After making her debut in the Tamil film Anbe Aaruyire in 2005, Meera Chopra shifted focus to Hindi films and starred in several unconventional films like 1920: London, Gang of Ghosts, Section 375 and others. In a tell-all interview with Cinema Journal, she talks about her latest web series, The Tattoo Murders, streaming on Disney Hotstar, and more. Excerpts:
Tell us about your show, The Tattoo Murders.
The show is based in Kamathipura, the largest red-light area in Mumbai. It is a very unconventional role for a girl like me. I play a tough cop here and initially I wasn’t very sure that I could pull it off. I am a quiet and introvert girl in real life. But I also feel that an actor should do all kinds of roles. My director convinced me that I would be able to do it. It has been a difficult journey because the subject is quite dark. Almost 80 per cent of it has been Guerrilla shooting.
How did you go about with it?
This is the kind of shooting when you don’t have a set and you don’t have a unit. You are shooting on real location with just one camera hiding somewhere. Even people around do not know that you are shooting in that place. Everything is happening in real time and no one is even aware that something is happening around them. There was nothing, no back up. We went there everyday and shot the entire series on real location. And it was very tough.
Why was the title of the series changed from Kamathipura to The Tattoo Murders?
I think that happened because people immediately associate Kamathipura with flesh trade in Mumbai. The residents filed a case saying that if the series were to be titled Kamathipura, then all the good work that local NGOs have been trying to do in the area would go waste. So, Hotstar decided not to fight the case and changed the title instead. This would have pushed back the release date by a month and they did not want to delay the release. Also, I believe our show suffered because Sanjay Leela Bhansali was making a film on the same subject.People making queer content on OTT don’t actually know what they are talking about: Director Onir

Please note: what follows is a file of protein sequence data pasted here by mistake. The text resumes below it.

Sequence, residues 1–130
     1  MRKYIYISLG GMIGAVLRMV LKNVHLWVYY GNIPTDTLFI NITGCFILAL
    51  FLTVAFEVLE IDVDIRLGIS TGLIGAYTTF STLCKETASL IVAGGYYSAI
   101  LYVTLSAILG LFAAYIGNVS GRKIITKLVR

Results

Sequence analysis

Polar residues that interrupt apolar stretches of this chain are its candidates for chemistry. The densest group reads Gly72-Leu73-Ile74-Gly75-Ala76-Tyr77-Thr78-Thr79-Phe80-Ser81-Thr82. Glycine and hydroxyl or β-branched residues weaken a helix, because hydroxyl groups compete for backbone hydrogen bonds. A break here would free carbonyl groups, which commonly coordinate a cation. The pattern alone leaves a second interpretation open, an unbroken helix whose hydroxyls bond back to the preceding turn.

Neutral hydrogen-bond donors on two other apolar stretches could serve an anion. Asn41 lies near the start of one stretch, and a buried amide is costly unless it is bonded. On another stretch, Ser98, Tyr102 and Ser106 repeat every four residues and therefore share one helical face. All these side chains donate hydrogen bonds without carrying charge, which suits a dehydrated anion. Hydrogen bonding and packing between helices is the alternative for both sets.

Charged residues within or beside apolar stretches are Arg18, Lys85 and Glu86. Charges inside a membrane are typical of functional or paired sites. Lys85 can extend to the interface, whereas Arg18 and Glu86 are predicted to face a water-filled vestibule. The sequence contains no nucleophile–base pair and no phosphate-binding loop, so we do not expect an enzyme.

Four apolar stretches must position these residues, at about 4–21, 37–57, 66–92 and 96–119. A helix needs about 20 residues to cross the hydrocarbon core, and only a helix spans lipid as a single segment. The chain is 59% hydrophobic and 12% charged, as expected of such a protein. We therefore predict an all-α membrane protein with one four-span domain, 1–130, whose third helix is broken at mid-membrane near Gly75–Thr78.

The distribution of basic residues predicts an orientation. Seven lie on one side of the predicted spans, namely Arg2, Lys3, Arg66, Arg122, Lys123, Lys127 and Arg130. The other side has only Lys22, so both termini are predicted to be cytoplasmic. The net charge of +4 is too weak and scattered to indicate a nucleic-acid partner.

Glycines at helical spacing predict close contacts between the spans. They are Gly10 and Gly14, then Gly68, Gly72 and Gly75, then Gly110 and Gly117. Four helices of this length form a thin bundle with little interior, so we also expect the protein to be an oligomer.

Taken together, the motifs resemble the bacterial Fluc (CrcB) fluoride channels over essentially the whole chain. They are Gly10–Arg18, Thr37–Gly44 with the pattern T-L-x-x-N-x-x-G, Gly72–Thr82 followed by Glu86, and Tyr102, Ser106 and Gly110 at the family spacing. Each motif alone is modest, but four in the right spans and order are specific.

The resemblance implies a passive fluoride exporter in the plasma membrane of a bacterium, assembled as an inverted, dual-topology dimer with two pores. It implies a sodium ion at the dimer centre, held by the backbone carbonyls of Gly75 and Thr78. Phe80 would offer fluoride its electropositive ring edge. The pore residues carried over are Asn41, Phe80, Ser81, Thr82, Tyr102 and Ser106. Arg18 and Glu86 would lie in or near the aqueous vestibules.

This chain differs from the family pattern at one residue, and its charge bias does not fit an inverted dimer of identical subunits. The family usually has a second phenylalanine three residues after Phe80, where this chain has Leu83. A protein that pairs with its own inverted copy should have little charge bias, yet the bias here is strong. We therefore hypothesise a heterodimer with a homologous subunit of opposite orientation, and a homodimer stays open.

Does making a show on the sex trade help sex workers at all or does it push them further into social oblivion?
No, I believe it helps them. We are actually showing how the government can actually help the women in the area. Even with some amount of state intervention, Kamathipura will go a long way in making social change. You know the women make such little money inspite of the fact that they are selling their bodies for years at a stretch. The situation needs to get better. Considering the kind of labour they put in, they must get paid more. These women almost always end up getting murdered or they commit suicide. Most of them come to Kamathipura after being abused in personal relationships and by then they have already lost the will power to protest or get out. Most of the money they make is taken away by pimps or madams who own the brothels. And the police and the administration also take a share to keep things away from the legal eye. This is a systemised racket which needs to be talked about openly.Prabhudeva talks about working with Salman Khan, the pandemic's impact on content, and the future of movies
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